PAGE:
| Aeronautics

The life of a DLR pilot: a combination of campaign assignments and regular day-to-day tasks

Thomas Kalfas - HALO
Pilot Thomas Kalfas flies our HALO as well as our Do 228 of DLR's fleet of research aeroplanes.

You spent 12 days in Manaus, Brazil, as the pilot on measurement flights. As a pilot, what impressions do you gather from such a mission?

The view from the flight deck during the CAFE-Brazil climate campaign



It’s difficult to picture it: from the flight deck, you see nothing but the vast rainforest, with only treetops and little rivers stretching out across hundreds of kilometres. Then wider rivers start appearing, where there’s a lot more going on, and then all of a sudden, you start seeing little villages. Everything branches out from around the Amazon and the Rio Negro, so you get a completely different landscape there.

It’s an incredible sight.

Does the location where you’re based – in this case, Brazil – make a difference to your work?

Thomas Kalfas has to adapt to the conditions on site

Brazil’s infrastructure is something else, especially compared to my last campaign in Canada, which is very similar to Europe. Manaus is a completely different story. The drive to the airport alone is a bit of an adventure – there’s a lot of traffic, and the roads are in very poor condition. Brazilian airspace is also controlled by the military, so we contact them via a Brazilian scientist who joins our team. We plan our flights with the Brazilian scientist, who relays our plans to the military. We‘re only informed at relatively short notice whether we can go ahead as hoped or not. There’s also the fact that very few people speak English on site, so we often use an online translation tool to communicate. Because we fly in a specific way – without fixed routes, constantly changing altitude – and sometimes we want to switch to a different route. This means that during the flight we have to keep explaining to the air traffic controllers what we’re doing and ask a lot of questions. This is a completely different environment to which you have to adapt as a pilot.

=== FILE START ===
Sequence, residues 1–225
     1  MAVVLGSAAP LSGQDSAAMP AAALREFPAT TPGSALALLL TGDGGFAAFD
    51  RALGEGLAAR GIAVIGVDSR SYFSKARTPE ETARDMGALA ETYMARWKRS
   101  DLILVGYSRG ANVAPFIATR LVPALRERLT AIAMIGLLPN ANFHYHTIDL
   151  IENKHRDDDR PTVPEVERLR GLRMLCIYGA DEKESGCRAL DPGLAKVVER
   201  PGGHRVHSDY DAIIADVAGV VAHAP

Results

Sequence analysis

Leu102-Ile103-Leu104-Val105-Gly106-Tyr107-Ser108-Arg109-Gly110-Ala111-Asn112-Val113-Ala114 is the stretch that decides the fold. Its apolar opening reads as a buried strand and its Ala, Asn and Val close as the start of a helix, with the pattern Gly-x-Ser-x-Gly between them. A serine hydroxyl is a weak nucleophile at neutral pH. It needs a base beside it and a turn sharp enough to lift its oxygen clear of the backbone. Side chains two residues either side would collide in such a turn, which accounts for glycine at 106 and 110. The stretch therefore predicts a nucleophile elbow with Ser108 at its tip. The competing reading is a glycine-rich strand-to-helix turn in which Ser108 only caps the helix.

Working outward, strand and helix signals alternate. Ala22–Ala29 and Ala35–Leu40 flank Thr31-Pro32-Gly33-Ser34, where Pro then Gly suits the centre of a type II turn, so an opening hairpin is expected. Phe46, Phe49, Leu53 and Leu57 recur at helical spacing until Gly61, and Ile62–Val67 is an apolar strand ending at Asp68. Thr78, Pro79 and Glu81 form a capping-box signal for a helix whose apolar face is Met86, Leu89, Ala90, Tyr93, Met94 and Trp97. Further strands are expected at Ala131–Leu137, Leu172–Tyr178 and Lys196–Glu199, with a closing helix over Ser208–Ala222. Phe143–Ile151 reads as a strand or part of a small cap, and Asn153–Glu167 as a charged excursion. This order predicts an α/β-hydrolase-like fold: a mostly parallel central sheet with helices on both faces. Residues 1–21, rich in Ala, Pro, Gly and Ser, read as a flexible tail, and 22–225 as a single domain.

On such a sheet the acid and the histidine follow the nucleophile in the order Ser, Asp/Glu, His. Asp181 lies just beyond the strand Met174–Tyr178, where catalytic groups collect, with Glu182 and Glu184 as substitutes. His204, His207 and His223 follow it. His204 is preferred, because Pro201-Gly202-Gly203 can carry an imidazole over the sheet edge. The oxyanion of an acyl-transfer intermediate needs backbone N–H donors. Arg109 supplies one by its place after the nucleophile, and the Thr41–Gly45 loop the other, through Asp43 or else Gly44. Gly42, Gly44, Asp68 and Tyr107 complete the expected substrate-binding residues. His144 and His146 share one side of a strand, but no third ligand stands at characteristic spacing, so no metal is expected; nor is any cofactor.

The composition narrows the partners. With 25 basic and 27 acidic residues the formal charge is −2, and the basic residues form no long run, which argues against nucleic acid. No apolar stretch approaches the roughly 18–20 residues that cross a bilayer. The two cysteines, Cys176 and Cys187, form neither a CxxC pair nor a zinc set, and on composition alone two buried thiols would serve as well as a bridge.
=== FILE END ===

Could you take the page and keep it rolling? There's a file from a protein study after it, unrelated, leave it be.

What was this ‘special’ type of flight like during the CAFE-Brazil campaign? How were these research flights conducted?

Flying towards storm clouds over the rainforest



The researchers wanted to measure things like the emission from thunderclouds and study thunderstorm formation in general. Unlike scheduled flights, where you fly a fixed route from A to B, we fly within a defined area but can move more or less freely once we're there, in consultation with the air traffic controllers. We selected thunderstorms at different stages – when they were still very small, but also towards the end. The outflow area of the thunderstorm isn’t overly turbulent, so flying there is fine. But there is too much turbulence within the storm itself. To address this, we fly different, slightly staggered paths to 'scan’ the thunderstorm.

It’s important to consider the scientists’ wishes, but also the technical flight options as well as safety. How do the pilots and the research team reconcile these things?